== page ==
With one significant and unhappy exception to which I shall come shortly—namely, Clause 64—this Bill follows the text and recommendations of the Law Commissions. That fact is, as the report of the Law Commission concerning one part of the Bill states:A dispute over custody may jeopardise the child's welfare and happiness and the emotional distress may drive the parents or others concerned to have recourse to unlawful remedies",and it gives rise to attempts, by going from one jurisdiction to another, to get a better answer from the courts.
In an extreme case—and the noble and learned Lord has indicated some of these cases—the child may be 1085 taken from the jurisdiction of the court which has made an order for its custody to another jurisdiction, where another court may take a different view of the facts of the case and make an inconsistent order. It produces nothing but a shambles and great unhappiness. As the law stands at the moment sometimes these custody problems are aggravated by lack of co-operation between the courts which have different jurisdictions. The attempt in this Bill to rationalise the position is one which we heartily accept and with which we agree.
As the noble and learned Lord has said, Parliament legislated in the Child Abduction Act 1984 on some features of this problem in its international aspects, and the Child Abduction and Custody Act 1985 was part of the same package of an attempted solution to this unhappy problem.
I agree that Part I of the Bill dealing with child custody completes a valuable package of law reform measures which are badly needed to solve this difficult and often heartless problem of abduction by estranged parents, not only outside the United Kingdom but, in view of the conflict of jurisdictions which already exist within the United Kingdom as well. It is right that we should put the welfare of the children themselves at the forefront of our consideration as we are doing in this Bill. This is a time when care and concern about children have come to the forefront of our affairs and thinking more than ever before. I think that there is a greater awareness and recognition of the cruelties that children are suffering in our society. We hope that awareness will be reflected in the attitudes of parents toward their own responsibility for their children.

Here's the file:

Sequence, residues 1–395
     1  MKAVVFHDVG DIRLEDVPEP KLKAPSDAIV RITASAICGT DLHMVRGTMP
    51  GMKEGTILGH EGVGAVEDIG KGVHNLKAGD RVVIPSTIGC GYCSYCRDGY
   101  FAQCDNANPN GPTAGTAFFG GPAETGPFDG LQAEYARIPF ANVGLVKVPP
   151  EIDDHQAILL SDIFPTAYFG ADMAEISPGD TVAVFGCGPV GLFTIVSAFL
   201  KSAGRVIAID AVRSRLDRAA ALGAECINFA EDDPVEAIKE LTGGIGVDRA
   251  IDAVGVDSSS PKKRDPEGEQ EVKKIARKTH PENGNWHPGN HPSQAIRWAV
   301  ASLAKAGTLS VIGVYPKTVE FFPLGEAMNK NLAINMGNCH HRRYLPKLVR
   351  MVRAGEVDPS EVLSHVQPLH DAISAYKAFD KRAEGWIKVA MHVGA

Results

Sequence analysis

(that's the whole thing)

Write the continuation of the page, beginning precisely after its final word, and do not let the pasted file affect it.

In regard to the Bill itself, the main point, which I think has been raised by the Law Society in particular, relates to the jurisdiction of the court to make custody orders and the difficulties which it is felt could arise by applying the test of the habitual residence of the child. It is quite true that this term is used in other legislation. It is not defined in the Bill and the Law Society recommends—and if I may say so I think that there is a good deal to be said for it—that a test for habitual residence for, say, a year ought to suffice and ought to make it easier for the courts to operate these provisions.
So far as concerns Part III of the Bill, which relates to declarations of status, I agree that the High Court and the county court should have concurrent jurisdiction to make declarations as to marital status. It is clearly desirable that in this field there should be maximum flexibility to ensure that cases are dealt with at the level which is most appropriate.
I come now to the provision in the Bill which has given rise to a great deal of legitimate anxiety and indeed opposition, and that is Clause 64. Clause 64 seeks to do two things: first, to empower the Matrimonial Causes Rules Committee to amend or repeal any statutory provision relating to matrimonial practice and procedure; secondly, to make it legal—for the first time so far as I am aware—in matrimonial cases to remunerate legal aid work on a wholly different basis from private work. Those who have raised this matter—and many of those concerned have written to me—fear that the probable or indeed inevitable 1086 consequence will be that what is proposed will lead to an inferior service for the legally aided client. As to the first object, there is a provision in the Bill to empower rules of court made by a rule-making committee—in this case the Matrimonial Causes Rules Committee—to:amend or repeal any statutory provision relating to the practice and procedure of the Supreme Court or county courts so far as may be necessary in consequence of provision made by the rulesIt is startling that a rule-making committee should have power to amend or repeal statutory provisions in what may prove to be a highly important field.